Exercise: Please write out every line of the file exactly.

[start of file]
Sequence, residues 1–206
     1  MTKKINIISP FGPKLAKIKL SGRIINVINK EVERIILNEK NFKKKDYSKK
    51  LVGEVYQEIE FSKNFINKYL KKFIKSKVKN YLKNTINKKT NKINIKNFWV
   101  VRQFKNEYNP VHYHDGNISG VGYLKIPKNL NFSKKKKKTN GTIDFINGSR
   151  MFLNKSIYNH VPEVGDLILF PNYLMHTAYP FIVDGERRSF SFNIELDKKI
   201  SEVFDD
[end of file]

Sequence, residues 1–206
     1  MTKKINIISP FGPKLAKIKL SGRIINVINK EVERIILNEK NFKKKDYSKK
    51  LVGEVYQEIE FSKNFINKYL KKFIKSKVKN YLKNTINKKT NKINIKNFWV
   101  VRQFKNEYNP VHYHDGNISG VGYLKIPKNL NFSKKKKKTN GTIDFINGSR
   151  MFLNKSIYNH VPEVGDLILF PNYLMHTAYP FIVDGERRSF SFNIELDKKI
   201  SEVFDD